AA batteries are available everywhere. They’re cheap, convenient to use and are available in a variety of chemistries: rechargeable NiCad and NiMH; non-rechargeable alkaline and lithium. NiCads are essentially obsolete now that NiMH’s are on the scene with more capacity and less weight. So the relevent characteristics of the other three types, each with their own advantages and disadvantages, are shown here graphically.
The Energizer e2 Lithium batteries pack a mean, but expensive punch. The 8-cell pack represented here cost $24 and they are non-rechargeable! They are lighter than normal AA alkalines and maintain their voltage under load more consistently than alkalines. But their expense renders them unsuitable for QRP (at least at my QTH!).
The capacity of rechargeable NiMH in AA-size has incresed in resent years and are now available in advertised capacities of 2500 mAh. Shown here are two smaller capacity sizes of 8-cell packs of these batteries. An 8-pack of the 2500 mAh batteries costs around $20 making these batteries the best choice for those needing standard sized batteries in their K1’s, KX1’s or external standard-sized battery housing. They are advertised as having over 100 recharge cycles. NiMH cells have a nominal voltage of 1.2V compared to 1.5V for alkalines so users of these batteries may wish to use a 10-cell pack.
Alkaline batteries were my favorites for a long time. This was mainly due to their convenience – I could buy a fully chraged, ready to go set on my way to an outdoor event and not worry about memory effect or whether or not I fully charged them the night before. I knew that their voltage decreased almost immediately after applying a load – what I didn’t know was how steep this decrease was. I no longer use alkaline batteries for QRP.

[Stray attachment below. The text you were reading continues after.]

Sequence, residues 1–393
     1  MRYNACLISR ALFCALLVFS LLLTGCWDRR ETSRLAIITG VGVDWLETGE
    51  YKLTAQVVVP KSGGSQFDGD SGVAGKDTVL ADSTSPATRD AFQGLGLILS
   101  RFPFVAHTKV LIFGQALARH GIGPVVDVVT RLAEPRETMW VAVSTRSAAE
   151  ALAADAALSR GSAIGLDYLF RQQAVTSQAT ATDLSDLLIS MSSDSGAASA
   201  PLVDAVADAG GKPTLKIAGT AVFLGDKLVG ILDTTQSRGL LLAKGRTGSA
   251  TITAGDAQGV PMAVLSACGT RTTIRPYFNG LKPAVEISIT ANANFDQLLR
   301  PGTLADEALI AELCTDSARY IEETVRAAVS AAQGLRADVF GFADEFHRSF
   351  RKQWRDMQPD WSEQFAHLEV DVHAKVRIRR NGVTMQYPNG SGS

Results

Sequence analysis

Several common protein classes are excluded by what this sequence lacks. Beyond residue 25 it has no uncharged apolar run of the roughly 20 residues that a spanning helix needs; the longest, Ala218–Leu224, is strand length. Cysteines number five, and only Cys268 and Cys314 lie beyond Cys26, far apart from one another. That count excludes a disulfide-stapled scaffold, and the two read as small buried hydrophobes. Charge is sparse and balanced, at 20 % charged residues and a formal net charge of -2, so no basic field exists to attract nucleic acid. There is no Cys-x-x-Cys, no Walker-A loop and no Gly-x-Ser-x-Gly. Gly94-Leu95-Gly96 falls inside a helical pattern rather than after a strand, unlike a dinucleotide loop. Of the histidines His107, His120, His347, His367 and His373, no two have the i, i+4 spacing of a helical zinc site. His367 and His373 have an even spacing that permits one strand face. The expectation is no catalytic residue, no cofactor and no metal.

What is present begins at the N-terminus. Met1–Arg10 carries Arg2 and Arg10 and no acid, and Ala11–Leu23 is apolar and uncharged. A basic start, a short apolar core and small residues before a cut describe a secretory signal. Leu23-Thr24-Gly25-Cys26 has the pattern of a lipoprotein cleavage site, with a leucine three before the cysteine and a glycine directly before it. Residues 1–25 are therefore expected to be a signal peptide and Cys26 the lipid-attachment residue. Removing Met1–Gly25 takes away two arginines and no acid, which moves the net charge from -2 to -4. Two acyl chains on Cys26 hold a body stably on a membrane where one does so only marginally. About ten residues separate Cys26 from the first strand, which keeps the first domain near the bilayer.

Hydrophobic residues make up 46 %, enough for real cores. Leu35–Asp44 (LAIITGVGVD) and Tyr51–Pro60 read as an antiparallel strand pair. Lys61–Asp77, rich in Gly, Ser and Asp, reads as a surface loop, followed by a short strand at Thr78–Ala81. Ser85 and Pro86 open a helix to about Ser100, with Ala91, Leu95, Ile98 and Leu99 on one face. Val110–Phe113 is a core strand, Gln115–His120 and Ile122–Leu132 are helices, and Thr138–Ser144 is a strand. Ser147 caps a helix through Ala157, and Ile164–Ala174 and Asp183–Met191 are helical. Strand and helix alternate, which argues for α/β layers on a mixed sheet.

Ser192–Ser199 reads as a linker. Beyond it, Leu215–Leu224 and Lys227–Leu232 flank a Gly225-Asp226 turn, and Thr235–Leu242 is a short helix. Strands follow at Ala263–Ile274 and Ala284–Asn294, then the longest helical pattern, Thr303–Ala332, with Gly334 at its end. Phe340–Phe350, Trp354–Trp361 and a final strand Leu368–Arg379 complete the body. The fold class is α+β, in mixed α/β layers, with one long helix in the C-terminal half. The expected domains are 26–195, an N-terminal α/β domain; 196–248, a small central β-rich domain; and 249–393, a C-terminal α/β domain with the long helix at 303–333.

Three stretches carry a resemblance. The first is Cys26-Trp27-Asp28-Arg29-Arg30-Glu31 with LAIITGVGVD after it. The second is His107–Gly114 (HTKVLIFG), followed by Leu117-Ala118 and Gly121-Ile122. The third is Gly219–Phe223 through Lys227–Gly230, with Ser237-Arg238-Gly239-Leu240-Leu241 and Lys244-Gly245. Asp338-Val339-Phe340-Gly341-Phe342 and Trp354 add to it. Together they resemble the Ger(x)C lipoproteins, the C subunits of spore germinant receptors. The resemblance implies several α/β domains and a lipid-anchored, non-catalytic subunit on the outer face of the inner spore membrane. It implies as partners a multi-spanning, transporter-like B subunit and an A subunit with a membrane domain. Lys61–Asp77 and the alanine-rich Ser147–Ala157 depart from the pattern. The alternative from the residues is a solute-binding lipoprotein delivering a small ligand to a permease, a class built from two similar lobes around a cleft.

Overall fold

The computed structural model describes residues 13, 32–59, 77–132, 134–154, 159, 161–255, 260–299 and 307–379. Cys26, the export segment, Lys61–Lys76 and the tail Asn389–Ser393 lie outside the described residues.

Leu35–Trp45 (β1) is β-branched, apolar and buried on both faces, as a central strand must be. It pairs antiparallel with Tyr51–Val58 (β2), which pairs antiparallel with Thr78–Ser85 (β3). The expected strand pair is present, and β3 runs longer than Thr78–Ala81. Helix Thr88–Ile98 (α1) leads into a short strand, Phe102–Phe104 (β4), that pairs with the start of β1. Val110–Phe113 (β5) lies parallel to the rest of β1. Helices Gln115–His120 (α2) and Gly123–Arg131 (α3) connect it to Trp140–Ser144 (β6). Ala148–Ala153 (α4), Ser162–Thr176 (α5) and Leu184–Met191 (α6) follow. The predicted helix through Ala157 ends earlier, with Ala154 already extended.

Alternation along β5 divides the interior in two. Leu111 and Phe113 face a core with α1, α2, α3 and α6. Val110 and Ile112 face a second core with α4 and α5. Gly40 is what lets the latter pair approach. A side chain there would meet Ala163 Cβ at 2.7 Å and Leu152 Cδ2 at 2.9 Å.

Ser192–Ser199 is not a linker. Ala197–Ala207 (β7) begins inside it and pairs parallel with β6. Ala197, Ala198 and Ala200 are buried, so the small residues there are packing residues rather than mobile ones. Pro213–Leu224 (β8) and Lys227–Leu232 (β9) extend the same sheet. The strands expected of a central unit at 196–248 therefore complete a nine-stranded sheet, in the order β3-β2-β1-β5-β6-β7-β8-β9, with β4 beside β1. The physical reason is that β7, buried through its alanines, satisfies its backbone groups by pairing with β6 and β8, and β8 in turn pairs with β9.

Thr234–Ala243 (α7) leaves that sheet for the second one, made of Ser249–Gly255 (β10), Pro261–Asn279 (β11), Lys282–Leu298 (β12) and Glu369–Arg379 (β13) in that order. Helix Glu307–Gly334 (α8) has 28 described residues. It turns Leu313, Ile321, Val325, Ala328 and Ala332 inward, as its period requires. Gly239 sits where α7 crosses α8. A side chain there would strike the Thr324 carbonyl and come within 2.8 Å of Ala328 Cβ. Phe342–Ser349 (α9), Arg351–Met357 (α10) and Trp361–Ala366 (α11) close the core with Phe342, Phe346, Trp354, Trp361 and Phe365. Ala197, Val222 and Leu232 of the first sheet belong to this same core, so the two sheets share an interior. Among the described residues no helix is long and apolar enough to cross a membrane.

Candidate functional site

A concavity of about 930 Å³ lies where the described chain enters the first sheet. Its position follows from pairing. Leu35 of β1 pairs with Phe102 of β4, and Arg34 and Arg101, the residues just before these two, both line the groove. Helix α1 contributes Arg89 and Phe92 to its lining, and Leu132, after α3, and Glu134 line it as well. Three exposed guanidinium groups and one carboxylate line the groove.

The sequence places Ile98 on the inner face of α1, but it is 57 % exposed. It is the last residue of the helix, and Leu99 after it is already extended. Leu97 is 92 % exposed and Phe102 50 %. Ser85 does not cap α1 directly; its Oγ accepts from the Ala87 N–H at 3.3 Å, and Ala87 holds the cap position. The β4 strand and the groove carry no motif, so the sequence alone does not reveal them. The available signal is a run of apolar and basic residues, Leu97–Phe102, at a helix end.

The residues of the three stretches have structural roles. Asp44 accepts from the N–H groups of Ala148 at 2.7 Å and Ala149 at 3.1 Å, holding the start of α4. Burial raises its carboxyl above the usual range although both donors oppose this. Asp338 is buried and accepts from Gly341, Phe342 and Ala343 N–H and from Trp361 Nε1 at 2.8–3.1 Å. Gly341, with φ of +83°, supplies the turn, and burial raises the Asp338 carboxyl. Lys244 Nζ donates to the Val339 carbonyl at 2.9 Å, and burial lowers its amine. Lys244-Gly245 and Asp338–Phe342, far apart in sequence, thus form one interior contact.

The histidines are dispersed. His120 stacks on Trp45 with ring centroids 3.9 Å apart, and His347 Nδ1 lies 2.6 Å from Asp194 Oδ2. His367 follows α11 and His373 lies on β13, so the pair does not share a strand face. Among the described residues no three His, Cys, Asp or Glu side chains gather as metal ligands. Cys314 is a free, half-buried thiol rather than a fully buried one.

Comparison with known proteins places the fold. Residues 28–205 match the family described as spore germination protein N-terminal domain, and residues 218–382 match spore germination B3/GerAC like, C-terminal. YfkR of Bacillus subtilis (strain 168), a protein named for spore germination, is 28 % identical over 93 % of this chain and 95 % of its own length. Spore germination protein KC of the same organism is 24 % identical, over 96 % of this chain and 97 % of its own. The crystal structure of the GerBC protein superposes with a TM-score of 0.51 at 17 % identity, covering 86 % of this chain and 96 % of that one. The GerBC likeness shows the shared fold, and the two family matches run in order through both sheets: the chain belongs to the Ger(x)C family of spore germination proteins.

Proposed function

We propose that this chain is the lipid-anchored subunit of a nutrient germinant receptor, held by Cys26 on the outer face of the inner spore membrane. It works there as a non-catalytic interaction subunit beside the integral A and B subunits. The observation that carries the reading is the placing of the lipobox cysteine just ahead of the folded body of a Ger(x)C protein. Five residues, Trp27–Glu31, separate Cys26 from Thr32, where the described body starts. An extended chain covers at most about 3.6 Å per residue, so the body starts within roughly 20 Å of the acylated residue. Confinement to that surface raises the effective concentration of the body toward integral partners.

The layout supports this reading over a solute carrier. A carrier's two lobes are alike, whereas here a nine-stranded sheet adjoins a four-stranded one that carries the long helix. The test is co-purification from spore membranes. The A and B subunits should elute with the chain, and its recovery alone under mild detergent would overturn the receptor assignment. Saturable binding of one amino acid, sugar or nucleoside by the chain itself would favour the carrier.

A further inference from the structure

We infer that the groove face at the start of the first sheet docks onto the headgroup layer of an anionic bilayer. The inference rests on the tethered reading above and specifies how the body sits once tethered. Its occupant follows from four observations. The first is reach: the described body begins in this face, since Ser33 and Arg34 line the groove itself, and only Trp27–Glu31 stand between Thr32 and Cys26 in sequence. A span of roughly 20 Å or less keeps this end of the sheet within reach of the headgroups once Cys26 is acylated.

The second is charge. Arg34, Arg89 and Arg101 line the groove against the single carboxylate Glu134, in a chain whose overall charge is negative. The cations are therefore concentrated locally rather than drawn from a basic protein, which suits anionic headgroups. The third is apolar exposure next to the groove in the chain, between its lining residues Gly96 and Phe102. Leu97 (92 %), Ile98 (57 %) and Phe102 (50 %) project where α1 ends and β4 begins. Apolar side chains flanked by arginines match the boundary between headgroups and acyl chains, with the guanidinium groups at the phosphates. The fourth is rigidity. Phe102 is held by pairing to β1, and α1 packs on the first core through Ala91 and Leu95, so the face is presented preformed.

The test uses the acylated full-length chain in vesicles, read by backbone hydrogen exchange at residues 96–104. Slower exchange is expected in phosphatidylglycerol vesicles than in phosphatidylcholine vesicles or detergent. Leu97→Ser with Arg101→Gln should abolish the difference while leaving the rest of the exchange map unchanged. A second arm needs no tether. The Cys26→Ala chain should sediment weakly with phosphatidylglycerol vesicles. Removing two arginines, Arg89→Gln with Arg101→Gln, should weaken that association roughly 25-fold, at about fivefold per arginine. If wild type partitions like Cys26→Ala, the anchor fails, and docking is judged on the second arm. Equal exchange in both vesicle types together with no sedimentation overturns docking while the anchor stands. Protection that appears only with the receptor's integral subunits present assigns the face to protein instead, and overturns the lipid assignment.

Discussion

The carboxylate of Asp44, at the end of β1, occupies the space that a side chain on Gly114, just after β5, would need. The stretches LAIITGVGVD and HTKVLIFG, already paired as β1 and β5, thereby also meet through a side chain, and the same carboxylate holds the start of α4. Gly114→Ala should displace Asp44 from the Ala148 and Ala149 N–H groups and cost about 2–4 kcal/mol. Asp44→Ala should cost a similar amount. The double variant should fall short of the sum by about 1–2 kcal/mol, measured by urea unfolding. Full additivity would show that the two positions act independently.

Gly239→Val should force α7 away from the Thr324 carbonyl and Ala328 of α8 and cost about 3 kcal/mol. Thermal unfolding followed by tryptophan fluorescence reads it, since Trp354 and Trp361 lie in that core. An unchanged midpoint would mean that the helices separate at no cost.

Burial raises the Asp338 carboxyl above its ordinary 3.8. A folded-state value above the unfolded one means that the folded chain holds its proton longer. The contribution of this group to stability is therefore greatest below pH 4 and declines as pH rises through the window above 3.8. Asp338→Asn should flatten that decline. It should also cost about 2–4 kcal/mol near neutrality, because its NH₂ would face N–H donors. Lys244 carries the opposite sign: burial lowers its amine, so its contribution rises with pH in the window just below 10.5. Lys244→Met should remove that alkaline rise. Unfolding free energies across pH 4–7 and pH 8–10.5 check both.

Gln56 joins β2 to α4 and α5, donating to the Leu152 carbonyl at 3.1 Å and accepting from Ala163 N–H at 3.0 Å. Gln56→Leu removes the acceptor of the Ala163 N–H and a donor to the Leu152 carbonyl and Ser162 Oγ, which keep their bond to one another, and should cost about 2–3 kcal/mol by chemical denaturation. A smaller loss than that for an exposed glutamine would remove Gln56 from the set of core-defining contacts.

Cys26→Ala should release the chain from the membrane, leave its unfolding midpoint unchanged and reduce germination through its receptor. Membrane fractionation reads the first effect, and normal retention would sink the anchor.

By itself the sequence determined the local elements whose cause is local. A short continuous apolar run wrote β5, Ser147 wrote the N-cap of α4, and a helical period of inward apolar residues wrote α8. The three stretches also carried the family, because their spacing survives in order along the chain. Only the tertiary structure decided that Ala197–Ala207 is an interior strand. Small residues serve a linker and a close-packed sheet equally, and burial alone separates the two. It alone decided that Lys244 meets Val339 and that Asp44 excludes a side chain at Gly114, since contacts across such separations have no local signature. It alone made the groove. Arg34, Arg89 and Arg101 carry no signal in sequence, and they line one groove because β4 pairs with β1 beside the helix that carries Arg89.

Effects of Temperature on Alkaline AA Batteries
I knew that temperature had an effect on battery output but was surprised and interested to learn the degree (no pun intended) to which it affected battery life.
Name Brand vs. Off-Brand – 8 Non-rechargeable Lithium AA’s
Steve KA9QOA recently posted a source for lower priced generic lithium AA cells to the Elecraft mailing list. The source was BatterySpace.com and the batteries cost half the price of the Energizers. Wondering if the old adage “you get watch you pay for” holds true in this case, I ordered a set & compared them with the more expensive Energizers.
The graph below represents an 8-pack of each brand and shows that the generic batteries last about 90% as long and provide about half a volt less output throughout their discharge curve as the Energizers. But at half the price, this seems reasonable to me.